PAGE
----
- Greenback struggles to climb from three-month low versus peers
- There’s growing skepticism Japan will intervene to weaken yen
The dollar dropped below 100 yen for the second time this week, undermined by the minutes of the Federal Reserve’s July meeting, which showed officials were divided over the urgency to raise interest rates.
A gauge of the greenback struggled to extend its rally from a three-month low as the chance of a Fed rate increase before the year is out fell back below 50 percent, according to futures prices tracked by Bloomberg. Doubts that Japan has the will or the firepower to stem the yen’s advance through market intervention are supercharging its rally, with the currency surging 20 percent versus the dollar in 2016.
“Broad-based dollar weakness has weighed on the dollar against the yen following the Fed minutes, which have been viewed dovishly,” said Lee Hardman, a currency strategist at Bank of Tokyo-Mitsubishi UFJ Ltd. in London. “It’s reinforced market expectations that the Fed is in no hurry to raise rates. Momentum remains strongly in favor of a stronger yen.”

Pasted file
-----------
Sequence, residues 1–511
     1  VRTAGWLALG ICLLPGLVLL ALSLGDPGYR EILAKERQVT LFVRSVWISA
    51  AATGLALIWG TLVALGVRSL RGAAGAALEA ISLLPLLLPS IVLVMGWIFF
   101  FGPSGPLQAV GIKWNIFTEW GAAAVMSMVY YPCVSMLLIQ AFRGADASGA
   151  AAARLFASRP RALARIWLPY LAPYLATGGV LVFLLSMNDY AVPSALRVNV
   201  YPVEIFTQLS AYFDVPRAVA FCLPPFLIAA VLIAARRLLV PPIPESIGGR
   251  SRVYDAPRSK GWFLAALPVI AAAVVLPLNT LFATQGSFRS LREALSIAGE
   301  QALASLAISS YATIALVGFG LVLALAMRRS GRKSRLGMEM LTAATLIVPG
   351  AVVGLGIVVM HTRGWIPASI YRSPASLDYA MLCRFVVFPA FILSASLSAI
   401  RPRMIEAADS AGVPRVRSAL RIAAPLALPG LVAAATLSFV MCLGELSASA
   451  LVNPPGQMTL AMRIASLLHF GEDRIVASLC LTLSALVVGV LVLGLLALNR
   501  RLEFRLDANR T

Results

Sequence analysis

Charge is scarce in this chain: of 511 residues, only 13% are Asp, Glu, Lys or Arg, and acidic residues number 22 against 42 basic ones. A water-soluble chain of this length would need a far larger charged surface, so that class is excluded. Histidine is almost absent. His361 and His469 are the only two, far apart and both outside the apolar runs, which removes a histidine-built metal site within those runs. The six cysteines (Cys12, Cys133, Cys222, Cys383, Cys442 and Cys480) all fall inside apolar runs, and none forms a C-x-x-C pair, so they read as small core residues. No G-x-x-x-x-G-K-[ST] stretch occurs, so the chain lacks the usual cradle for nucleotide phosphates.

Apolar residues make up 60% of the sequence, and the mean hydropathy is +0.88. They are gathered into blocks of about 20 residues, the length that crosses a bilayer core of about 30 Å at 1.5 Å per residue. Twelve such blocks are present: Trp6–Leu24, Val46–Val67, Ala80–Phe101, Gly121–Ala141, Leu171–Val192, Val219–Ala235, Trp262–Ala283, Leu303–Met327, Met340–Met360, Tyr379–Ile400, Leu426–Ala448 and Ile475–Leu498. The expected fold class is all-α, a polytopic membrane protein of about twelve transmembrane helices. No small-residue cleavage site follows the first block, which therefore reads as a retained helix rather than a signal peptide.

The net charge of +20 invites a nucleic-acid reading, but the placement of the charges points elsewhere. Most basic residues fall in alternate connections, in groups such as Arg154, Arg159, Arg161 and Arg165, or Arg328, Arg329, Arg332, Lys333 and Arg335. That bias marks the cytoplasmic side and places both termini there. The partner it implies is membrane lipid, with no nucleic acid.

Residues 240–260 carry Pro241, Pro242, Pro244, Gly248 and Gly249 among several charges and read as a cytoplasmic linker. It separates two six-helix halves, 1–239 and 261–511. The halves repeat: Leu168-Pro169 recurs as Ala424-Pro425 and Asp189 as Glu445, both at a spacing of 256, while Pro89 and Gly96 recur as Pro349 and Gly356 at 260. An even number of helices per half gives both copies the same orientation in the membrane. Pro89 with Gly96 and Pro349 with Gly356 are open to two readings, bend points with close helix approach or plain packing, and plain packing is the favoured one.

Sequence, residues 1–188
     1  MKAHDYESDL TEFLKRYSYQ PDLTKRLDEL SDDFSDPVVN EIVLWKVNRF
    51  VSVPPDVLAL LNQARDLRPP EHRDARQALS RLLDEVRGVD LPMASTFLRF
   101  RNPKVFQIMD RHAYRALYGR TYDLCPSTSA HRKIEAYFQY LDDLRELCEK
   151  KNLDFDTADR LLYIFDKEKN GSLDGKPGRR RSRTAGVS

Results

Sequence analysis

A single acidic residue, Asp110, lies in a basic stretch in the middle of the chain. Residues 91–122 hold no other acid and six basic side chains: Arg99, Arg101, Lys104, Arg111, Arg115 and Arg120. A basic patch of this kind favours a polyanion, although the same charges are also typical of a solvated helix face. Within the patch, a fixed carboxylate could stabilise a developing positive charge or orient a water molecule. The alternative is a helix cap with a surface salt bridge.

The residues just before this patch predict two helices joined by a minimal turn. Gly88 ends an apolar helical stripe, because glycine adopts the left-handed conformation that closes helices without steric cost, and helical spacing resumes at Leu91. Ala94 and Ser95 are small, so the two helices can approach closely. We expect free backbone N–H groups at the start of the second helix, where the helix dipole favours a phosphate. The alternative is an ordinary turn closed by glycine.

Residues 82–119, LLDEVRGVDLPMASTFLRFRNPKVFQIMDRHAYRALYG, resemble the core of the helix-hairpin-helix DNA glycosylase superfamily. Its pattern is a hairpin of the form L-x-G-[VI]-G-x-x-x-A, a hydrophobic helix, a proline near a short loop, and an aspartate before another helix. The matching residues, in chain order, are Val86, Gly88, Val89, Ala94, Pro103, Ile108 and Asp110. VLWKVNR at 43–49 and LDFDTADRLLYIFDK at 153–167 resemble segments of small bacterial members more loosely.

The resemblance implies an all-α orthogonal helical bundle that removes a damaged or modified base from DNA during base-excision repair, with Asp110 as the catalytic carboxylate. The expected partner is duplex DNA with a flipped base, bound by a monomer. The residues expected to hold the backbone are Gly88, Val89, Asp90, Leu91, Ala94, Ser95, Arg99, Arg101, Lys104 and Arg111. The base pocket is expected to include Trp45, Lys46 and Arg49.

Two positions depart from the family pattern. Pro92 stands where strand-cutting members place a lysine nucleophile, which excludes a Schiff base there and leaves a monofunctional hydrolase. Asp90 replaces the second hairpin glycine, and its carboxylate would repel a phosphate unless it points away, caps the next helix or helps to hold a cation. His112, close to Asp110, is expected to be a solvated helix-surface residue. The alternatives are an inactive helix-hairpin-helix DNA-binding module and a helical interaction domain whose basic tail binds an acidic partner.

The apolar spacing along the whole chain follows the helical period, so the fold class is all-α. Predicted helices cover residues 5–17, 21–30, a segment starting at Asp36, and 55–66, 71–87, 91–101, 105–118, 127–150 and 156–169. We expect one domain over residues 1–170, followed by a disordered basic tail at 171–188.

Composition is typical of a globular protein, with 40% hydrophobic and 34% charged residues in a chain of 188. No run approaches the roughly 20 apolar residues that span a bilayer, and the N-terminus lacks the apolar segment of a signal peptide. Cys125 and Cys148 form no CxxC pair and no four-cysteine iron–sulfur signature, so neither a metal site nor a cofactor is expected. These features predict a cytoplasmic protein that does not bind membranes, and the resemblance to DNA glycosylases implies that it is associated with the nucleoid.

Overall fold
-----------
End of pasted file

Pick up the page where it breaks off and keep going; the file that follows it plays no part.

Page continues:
The yen was little changed at 100.26 per dollar as of 10:34 a.m. in New York, after climbing to 99.65. When Japan’s currency broke the 100 threshold on Tuesday, it was the first time since the announcement of the U.K. referendum result on European Union membership on June 24.
The Bloomberg Dollar Spot Index of the U.S. currency against 10 major peers fell 0.4 percent after dropping to the lowest level since May on Aug. 16. The euro climbed 0.3 percent to $1.1321.
The dollar gauge pared an earlier gain on Wednesday following the release of the July Fed minutes, which showed policy makers were divided on whether the job market would keep improving and saw little risk of a marked pickup in inflation. That came a day after New York Fed President William Dudley said a rate increase was possible as soon as next month.
Japanese authorities are closely watching for speculative moves in the exchange rate because it’s been volatile, Vice Finance Minister Masatsugu Asakawa said. Strategists at BTM and Morgan Stanley predict the yen will extend this year’s 20 percent gain versus the dollar.
“The BOJ is running short of tools which will have a big market impact,” said Janu Chan, a senior economist at St. George Bank Ltd. in Sydney. “Yen intervention may be one tool left in the bag for authorities.”